The Basics 7c – The Fellowship of Church

Following the coming of the Holy Spirit and Peter’s sermon in Acts 2 we are told, “They were continually devoting themselves to the apostles’ teaching and to fellowship, to the breaking of bread and to prayer.” (Acts 2:42, NASB95) In those simple actions are strong threads of relationships that bind us to one another and to God.

Growth in the early church was not an accident. All the members were intentionally and persistently perusing these things. This was not like a five-minute daily devotion but a consuming desire. In many ways, it is like being in love with someone, there is a passion to be with them and to hear their voice. For those first followers of Christ, this passion was expressed in four ways, all of which required time, vulnerability, and relationships.

Those first followers devoted themselves to the Apostle’s teachings. Teaching, the exposition and application of God’s word, is an integral part of church.  When a church loses the centrality of teaching and applying God’s Word, they have become less than what God intends. And yet, teaching takes many forms. The exposition of the Word, the modeling of our lives, the humble attitude of mutually searching and desiring God in open-hearted discussion are all forms of teaching.

Those first followers also devoted themselves to fellowship. They enjoyed connecting with each other and grew cords of relationships. If there is one aspect lacking in the modern church, it is true and deep fellowship. We may connect with a few on Sunday morning, but how many do we really know at a personal level. If we left that church, how many would remain connected with us? Or is our only link of relationship those few moments we share on Sunday Morning? Mia Culpa, I’m not any better at developing fellowship than the next person and sometimes feel kind of unconnected after church. I wonder how many others feel that way?

Fellowship, however, requires time. It thrives on transparency and allowing love to cover a multitude of offenses. In my experience, small groups are great for growing this kind of fellowship. But not the kind of small group where one person does all the talking but those where each voice is heard and welcome. Where each person is cared for and cares for others. That is fertile soil for deep fellowship. Small group involvement costs us the two things we hold most dear – our time and our heart.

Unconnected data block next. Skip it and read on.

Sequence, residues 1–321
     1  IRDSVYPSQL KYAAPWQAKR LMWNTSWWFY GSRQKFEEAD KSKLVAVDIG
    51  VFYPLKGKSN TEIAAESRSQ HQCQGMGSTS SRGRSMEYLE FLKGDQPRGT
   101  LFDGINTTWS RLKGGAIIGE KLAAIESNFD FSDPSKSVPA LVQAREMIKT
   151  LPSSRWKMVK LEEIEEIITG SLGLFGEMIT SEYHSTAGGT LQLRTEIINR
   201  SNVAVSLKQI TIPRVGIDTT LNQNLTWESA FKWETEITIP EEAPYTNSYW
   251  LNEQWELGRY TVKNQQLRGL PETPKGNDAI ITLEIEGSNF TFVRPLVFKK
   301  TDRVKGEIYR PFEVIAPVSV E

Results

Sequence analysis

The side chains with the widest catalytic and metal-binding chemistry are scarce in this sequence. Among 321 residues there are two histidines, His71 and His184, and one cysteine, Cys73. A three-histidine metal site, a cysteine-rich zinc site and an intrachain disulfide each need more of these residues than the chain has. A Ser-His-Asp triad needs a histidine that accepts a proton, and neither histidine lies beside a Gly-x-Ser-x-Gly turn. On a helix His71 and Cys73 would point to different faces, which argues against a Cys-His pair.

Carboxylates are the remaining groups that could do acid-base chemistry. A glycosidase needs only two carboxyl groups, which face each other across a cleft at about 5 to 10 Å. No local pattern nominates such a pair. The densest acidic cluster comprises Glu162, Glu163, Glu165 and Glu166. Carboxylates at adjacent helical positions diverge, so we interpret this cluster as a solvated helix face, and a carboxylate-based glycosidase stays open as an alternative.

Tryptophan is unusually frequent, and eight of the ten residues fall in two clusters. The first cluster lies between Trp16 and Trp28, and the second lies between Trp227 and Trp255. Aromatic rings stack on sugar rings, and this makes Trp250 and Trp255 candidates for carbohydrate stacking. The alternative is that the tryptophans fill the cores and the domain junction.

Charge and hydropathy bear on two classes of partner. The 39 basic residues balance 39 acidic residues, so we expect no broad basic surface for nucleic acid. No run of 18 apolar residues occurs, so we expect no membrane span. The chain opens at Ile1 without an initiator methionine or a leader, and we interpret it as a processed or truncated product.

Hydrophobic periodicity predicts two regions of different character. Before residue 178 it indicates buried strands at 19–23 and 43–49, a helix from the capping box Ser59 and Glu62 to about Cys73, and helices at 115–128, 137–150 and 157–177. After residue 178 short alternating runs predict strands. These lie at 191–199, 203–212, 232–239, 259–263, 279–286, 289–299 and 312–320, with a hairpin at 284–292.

Those first followers devoted themselves to the breaking of bread. It is unclear if Luke means Communion or table fellowship over a meal. Let’s go with both since both build relationship and connectedness. Communion keeps our relationship centered on Christ instead of any other commonalities two people may share. Table fellowship encourages relationship. Simply enjoying a meal with someone breaks down walls and builds bridges. It’s special when someone invites you to go out or when they come over for dinner.

Lastly, the first followers devoted themselves to prayer. We don’t know exactly what kind of prayer, so let’s just agree that it was all kinds. Prayers of thanksgiving, of petition, of repentance, of asking for the Kingdom to break in (thy kingdom come), of comfort, of worship, and so many others. But I also believe this also includes personal prayer for each other. Those caring prayers for one another also build meaningful relationships. Especially when the prayer is offered with the person at that moment.

Perhaps these are the marks of a healthy, vibrant, growing gathering of followers of Jesus. That devotion, persistently striving to learn from God’s word, a deep fellowship which transcends a Sunday morning greeting, breaking bread with one another (even those outside our usual clique) and praying to God and for each other bind us to Jesus and one another. There are other marks of a healthy church, but they all flow from these four in some way.

And here is where things become challenging. We are acclimated to going places and passively receiving an experience. But that only goes so far when the church gathers. If everyone sits around waiting for someone else, then none of these will happen. It is incumbent on each one of us to initiate, to start the ball rolling (easier for some, harder for others). All of these require participation – applying the teaching of God’s Word to our lives, reaching out to fellowship, inviting someone to join in a meal, and praying for each other. They all take time, effort, transparency, vulnerability, and humility. But the reward of relationship, spiritual growth, and extending the Kingdom is worth it all.  

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Dale Heinold

Dale lives in central Illinois with Betty, his wife of nearly 40 years. He has a theology degree from Oral Roberts University. Dale works full time as an IT director for a local school district. He sees his writing as a ministry and hopes that you were blessed, challenged, and inspired by this article and lambchow.com.
Dale Heinold
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